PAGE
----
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University of Glasgow Memorial Chapel facts for kids

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University of Glasgow
Memorial Chapel
Glasgow University Chapel.jpg
Affiliation Interfaith
Leadership Rev Stuart MacQuarrie
Year consecrated 1929
Status Active
Location University of Glasgow
Architect(s) John James Burnet
Architectural style Scots Gothic
Groundbreaking 1914
Completed 1929
Direction of fa├žade West
Capacity 320

The University of Glasgow Memorial Chapel is an interfaith chapel at the University of Glasgow, Scotland. It was consecrated on 4 October 1929, and is dedicated to the memory of the former students and staff of the University who lost their lives in the First World War. It is located in the West Quadrangle of the Main Building of the University, and was designed by John James Burnet. The chapel is protected as a category A listed building.


The University's former premises on the High Street were on the site of an old Dominican monastery, known as the Black Friars, and the University used the friars' old church for services. The University subsequently relocated to Gilmorehill in 1870, although the New College was not finished for many years after, and there was at the time no chapel. The West Quadrangle of the new building was not enclosed on its west side originally; instead, staircases at either end of the court led onto The Square, where the Professors and Principal had their houses. The southern of these staircases was the Lion and Unicorn Staircase, which was relocated from its site in the Outer Court of the Old College. By 1900, the accommodation was already proving too small, and in 1914 it was decided to build a new wing enclosing the West Quadrangle, providing additional rooms and a Chapel.

University of Glasgow Chapel (2)
Interior of the Chapel


John James Burnet was commissioned to draw up plans for the extension, and construction began in August 1914 but was halted by World War I. Work resumed in 1923 but was delayed by bad weather and economic conditions, and the buildings were not completed until 1929. The inside was fitted with wooden stalls and carvings by Archibald Dawson, and a series of ten stained glass windows, designed and made by Douglas Strachan and representing the entirety of human life as a spiritual enterprise, was installed in 1931. Amongst subsequent additions was the Benedicite Window, which is above the altar at the East end of the building. It was designed by Lawrence Lee and installed in 1962.


After World War I, it was decided that the new chapel should be dedicated to the memory of those seven hundred and fifty-five men connected with the University who had lost their lives in the conflict. The Principal, Donald MacAlister, said:

After due deliberation it was agreed, with the consent of all, that their memory, and our gratitude for their devotion, should be associated with the place of our corporate worship, to the end that their example might be enduringly impressed upon Glasgow students in time to come.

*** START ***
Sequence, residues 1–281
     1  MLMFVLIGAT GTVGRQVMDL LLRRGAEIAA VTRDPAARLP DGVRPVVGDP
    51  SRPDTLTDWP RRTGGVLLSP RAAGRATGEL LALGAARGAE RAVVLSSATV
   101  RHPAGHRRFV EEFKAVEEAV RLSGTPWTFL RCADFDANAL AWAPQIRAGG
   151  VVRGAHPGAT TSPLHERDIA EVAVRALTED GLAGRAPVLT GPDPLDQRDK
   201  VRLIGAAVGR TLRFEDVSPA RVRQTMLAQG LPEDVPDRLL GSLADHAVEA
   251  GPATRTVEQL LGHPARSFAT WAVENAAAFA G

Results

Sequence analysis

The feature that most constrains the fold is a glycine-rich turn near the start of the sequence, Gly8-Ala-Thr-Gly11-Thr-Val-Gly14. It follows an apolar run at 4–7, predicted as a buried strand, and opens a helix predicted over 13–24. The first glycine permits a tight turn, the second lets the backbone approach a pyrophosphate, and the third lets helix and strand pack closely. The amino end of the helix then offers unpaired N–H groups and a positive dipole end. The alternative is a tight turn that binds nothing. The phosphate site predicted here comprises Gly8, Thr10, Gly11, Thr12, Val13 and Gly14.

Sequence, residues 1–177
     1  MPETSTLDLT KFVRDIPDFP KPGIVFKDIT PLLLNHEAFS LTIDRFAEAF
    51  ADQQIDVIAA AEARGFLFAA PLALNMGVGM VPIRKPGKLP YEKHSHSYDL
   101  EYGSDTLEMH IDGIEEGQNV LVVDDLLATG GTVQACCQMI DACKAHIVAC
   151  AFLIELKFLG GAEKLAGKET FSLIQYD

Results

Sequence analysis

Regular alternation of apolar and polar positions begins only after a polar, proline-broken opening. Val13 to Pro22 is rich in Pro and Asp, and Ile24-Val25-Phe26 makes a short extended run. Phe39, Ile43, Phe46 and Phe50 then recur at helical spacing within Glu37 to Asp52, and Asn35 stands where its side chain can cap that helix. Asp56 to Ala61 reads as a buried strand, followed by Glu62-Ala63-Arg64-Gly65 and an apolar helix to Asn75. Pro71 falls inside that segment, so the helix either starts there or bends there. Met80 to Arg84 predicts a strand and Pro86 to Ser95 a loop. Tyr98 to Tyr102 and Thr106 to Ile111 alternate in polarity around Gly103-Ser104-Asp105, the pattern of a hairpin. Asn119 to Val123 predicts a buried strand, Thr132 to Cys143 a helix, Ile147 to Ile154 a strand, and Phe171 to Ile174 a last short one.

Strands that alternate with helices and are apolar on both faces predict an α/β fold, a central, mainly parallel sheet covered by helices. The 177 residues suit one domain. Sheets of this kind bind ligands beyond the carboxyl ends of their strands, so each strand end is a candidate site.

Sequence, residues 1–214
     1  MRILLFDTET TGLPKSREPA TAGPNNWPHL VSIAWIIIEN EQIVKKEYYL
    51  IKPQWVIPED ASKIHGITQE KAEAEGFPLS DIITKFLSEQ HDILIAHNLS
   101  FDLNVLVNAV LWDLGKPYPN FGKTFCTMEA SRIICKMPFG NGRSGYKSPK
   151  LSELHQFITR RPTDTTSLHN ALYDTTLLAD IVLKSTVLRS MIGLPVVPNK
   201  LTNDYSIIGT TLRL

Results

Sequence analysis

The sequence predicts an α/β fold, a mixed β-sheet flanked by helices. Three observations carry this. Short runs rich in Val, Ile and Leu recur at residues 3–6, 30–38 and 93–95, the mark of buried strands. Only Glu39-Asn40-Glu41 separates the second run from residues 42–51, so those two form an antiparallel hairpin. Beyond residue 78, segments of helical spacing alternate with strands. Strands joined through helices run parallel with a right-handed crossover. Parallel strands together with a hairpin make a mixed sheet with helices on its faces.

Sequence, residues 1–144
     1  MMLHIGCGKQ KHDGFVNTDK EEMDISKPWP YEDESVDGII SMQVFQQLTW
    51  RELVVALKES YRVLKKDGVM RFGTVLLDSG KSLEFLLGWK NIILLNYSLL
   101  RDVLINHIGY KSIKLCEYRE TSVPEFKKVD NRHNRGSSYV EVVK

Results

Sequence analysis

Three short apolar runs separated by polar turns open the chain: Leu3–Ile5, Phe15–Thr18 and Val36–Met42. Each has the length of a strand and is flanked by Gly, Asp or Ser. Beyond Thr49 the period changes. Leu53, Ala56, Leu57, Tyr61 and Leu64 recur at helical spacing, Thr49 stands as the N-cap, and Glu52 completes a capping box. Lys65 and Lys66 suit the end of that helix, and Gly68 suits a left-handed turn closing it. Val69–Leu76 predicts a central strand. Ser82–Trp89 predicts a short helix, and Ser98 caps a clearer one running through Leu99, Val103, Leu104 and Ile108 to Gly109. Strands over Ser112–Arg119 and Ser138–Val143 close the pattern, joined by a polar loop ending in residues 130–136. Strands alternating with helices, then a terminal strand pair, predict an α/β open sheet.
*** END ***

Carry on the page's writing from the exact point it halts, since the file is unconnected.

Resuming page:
The Chapel was dedicated to their memory in a service on 4 October 1929, led by the Right Reverend John White. Tablets on the wall behind the Communion Table list the names of those who died, while other tablets besides the stalls record the 405 members of the University community who gave their lives in World War II.


Daily services are held in the Chapel during term-time, as well as seasonal events. Before Christmas, there is a Service of Nine Lessons and Carols on the last Sunday of term, and a Watchnight service on Christmas Eve. Graduates, students, members of staff and the children of members of staff are entitled to be married in the Chapel, which is also used for baptisms and funerals. Civil marriages and civil partnerships may be blessed in the Chapel, although under UK law may not be performed there.

The current Chaplain of the University is the Reverend Stuart MacQuarrie, and the University appoints Honorary Chaplains of other denominations.


The Chapel's organ was constructed by Henry Willis & Sons in 1927 and refurbished by Harrison & Harrison in 2005. It was a gift to the University from Joseph Paton Maclay, Lord Maclay, in memory of two of his sons, who had died in the war. The Organist is Kevin Bowyer, an acclaimed performer and prolific recorder, who is Artistic Director of the Glasgow International Organ Festival, which is held in the Chapel and has been running annually since June 2006.

Chapel Choir

The Chapel Choir sings at services and concerts every Tuesday evening at 6pm during term-time, and at other events in the Chapel, such as the Remembrance Sunday service, Service of Nine Lessons and Carols, and weddings. The Choir is composed of between twenty-eight to thirty-two singers, including students, staff and graduates, and takes SATB form. The Choir has recorded widely and completed a number of tours, including the United States (2002), when it sang at the Sunday morning service in Saint Thomas Church on Fifth Avenue; Germany (1999, 2000, 2004, 2010); the Baltic states (2007); Tuscany (2009); Amsterdam (2012); Sweden (2016); and China (2018). The Director of Chapel Music is Katy Lavinia Cooper, who was appointed in April 2015 after James Grossmith left to become chorusmaster of the Royal Swedish Opera.

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